Pets are beloved family members for most people who have them, and we recognize that when tenants are looking for a new home, they expect to move in with their cats, dogs, or other pets. We believe in providing pet-friendly properties whenever the owner is willing to welcome tenants with animals, and we’ll talk more about pet policies later.
First, we want to discuss the importance of understanding the difference between pets and companion animals or emotional support animals. These are different, still, from service animals.
With updates in laws and protections for people with disabilities, there is a lot of different terminology that landlords need to know when referring to these animals. Basically, you have to be aware of the differences in two categories: pets and support animals.
We’re looking at those differences in today’s blog.
Emotional Support Animals
For clarification purposes, an emotional support animal (or ESA) is an animal that the tenant is permitted to have in a home even if the home does not allow pets. The tenant would provide paperwork saying they need this pet for emotional support and companionship.
With the correct paperwork, we have to make sure we follow the law and treat the ESA as an accommodation and not a pet. There are some things we can and cannot do. For example, we cannot charge pet rent for the ESA, and we cannot charge a pet deposit or an extra security deposit for the ESA.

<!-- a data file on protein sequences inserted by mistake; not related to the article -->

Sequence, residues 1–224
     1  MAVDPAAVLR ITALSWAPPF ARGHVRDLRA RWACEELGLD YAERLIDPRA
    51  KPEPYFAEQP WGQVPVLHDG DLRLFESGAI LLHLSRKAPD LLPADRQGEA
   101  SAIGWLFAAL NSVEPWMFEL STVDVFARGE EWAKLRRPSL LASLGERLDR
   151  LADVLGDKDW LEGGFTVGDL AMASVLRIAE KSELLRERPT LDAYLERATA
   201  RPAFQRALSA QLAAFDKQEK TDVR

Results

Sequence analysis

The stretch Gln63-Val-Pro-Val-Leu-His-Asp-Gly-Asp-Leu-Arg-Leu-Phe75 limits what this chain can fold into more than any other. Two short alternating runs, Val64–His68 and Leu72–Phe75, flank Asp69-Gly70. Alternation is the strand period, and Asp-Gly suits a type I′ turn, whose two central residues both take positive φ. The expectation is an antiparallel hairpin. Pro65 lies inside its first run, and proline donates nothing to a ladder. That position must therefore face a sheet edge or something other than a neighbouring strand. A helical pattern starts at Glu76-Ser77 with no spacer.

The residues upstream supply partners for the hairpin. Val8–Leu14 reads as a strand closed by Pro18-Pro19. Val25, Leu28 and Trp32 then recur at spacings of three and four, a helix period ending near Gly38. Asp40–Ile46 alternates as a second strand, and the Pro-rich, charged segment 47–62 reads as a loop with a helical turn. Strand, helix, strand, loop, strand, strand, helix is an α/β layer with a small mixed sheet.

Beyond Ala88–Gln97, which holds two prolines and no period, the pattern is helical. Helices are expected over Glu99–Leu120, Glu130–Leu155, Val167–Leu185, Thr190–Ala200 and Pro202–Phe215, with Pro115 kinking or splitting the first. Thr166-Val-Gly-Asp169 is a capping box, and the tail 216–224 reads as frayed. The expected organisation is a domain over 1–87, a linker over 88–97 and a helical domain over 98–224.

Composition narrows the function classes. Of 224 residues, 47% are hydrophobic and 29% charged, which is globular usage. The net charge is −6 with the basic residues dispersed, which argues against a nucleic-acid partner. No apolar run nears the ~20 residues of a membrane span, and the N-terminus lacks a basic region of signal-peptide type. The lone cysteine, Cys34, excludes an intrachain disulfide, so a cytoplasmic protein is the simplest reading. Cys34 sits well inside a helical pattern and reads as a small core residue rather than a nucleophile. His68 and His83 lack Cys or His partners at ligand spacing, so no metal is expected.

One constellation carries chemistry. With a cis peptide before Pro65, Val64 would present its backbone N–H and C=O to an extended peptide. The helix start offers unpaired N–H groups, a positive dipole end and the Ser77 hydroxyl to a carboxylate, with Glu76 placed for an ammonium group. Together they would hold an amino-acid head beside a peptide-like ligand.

However, the tenant is responsible for any damage the animal may cause. This might be urine that has leaked into and damaged the floor boards or a chewing habit that has left some damage to walls, doorways, or other property.
Documentation is important and relatively easy to get, but the tenant must understand that even with the paperwork, they are still responsible for damages caused by the animal to the property.
Allowing Regular Pets
Every landlord is required by the Fair Housing Act and the Americans with Disabilities Act to allow service and support animals into a property, even if pets are not allowed. As we have explained, these animals are seen as accommodations for people with disabilities, and not as pets.
However, when you have tenants moving in with pets, you can charge pet rent or higher deposits or pet fees. Allowing pets in your rental property brings you a larger pool of prospective tenants because a lot of renters have pets. Extra fees will protect your property and compensate you for the risk associated with pets.
Generally, we charge a pet rent of $40 per month, and we also collect an additional security deposit to cover any possible damages done by the pet.
It’s easy to make mistakes when it comes to understanding the difference between service animals, support animals, and pets. Hopefully, this helps you out with understanding the differences and the requirements.